The organizers of the event, activists with the Defend Movement, had originally planned their action in response to a plan by the extreme right to hold an "America First" rally in Upland in coordination with the ACT for America nationwide day of action. The "American Congress for Truth" is the nation's largest Islamophobic group. Defend was supported by the faith-based Rise Against the Wall, which roots its anti-Trump activism in Christianity. Both are new groups that formed in the wake of the rise of Trumpism.
When the national organization decided to cancel all public actions for the day and to hold instead an "online day of ACTion," the Upland rally was also canceled. Other factors--namely, the inability of organizers to obtain a permit and the threat of a counter demonstration, liked served as further persuasion.
Despite the cancellation of the ACT rally, the Defend Movement opted to proceed with their rally, which they dubbed "United4Love2," having previously "United for Love" in Yucaipa in response to a similar rally planned by the extreme right there.
Story and photos: Activists Opposing White Supremacy Rally Despite Cancellation by Rockero
Linksunten.indymedia.org, the main independent media website in Germany, was banned by the German government's Ministry of Interior on August 25. Maintaining the website and using its logo are now considered criminal offenses in the country. Linksunten volunteers are also being prosecuted as a "club," which means that administrators are considered responsible for everything that has been published. Administrators are also being accused of being members of a terrorist association. This represents a new step in the repression in Europe. The last time something of this significance occurred was in 1995, when the German central power banned the newspaper "Radikal", which sparked demonstrations all over the country.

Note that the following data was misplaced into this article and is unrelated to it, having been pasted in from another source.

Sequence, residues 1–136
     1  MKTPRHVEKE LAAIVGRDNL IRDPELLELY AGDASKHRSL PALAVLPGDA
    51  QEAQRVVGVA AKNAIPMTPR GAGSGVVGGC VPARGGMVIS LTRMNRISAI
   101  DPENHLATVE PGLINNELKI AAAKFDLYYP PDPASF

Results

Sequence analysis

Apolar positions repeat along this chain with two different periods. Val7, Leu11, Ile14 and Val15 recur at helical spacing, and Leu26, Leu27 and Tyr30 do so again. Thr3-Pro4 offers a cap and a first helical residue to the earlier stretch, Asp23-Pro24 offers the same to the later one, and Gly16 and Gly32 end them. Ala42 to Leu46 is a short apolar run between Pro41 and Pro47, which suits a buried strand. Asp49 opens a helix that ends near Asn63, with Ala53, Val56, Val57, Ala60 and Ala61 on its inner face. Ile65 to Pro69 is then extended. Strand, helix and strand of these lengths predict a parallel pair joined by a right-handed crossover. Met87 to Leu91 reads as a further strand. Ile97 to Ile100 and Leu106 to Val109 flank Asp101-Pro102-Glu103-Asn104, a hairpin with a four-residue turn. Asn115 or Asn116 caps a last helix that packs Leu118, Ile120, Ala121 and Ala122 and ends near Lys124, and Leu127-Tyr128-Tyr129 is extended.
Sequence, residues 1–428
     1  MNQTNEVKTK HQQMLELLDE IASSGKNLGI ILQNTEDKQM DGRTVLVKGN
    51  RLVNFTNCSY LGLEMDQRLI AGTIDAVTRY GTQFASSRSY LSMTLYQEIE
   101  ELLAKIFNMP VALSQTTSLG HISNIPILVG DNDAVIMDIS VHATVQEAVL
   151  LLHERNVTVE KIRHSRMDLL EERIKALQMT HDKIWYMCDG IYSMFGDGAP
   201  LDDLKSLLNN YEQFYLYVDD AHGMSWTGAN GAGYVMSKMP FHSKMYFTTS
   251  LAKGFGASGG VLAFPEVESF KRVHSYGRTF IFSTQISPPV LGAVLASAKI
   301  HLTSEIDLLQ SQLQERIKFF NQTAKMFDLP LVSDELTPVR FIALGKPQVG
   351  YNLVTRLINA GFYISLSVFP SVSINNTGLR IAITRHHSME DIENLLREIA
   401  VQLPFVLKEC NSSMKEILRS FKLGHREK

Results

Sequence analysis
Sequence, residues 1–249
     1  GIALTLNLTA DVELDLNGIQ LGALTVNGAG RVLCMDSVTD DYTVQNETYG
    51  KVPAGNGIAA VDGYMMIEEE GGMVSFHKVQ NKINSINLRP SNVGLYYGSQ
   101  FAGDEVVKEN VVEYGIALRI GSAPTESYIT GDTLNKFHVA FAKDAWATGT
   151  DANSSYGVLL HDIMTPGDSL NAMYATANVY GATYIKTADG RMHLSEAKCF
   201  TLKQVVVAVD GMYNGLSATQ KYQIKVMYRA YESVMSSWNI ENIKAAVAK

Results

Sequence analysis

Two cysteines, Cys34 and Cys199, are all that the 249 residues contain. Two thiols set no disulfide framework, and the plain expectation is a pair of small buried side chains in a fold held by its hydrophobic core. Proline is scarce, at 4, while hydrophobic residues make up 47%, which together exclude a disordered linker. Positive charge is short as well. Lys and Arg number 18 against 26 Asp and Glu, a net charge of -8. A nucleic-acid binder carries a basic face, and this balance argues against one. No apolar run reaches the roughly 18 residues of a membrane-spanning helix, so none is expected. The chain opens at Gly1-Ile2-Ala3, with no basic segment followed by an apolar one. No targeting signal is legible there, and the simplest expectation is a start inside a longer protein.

Full story: Solidarity with Linksunten Indymedia from Indybay
State Repression Against IMC Grenoble and IMC Nantes from Indybay
In this bilingual play, recently performed at Debs Park, Alicia travels into the Arroyo Seco's past to help her deal with the present. Representing the past are the spirit of Toypurina (who in the 1780s instigated a revolt against the San Gabriel Mission) who's Alicia's guide (she and Alicia are pictured at left) and Charles Lummis, who shares his dreams about the future of the area. The play's setting on hiking trails surrounded by mostly native plants also imparts the Arroyo's past.
Arroyoland also consists of Lewis Carroll-inspired characters (although in this case Humpty Dumpty sitting on his wall resembles Trump, and Bill the Lizard comes out as homosexual).
Story and photos: Alicia in Arroyoland by R.P.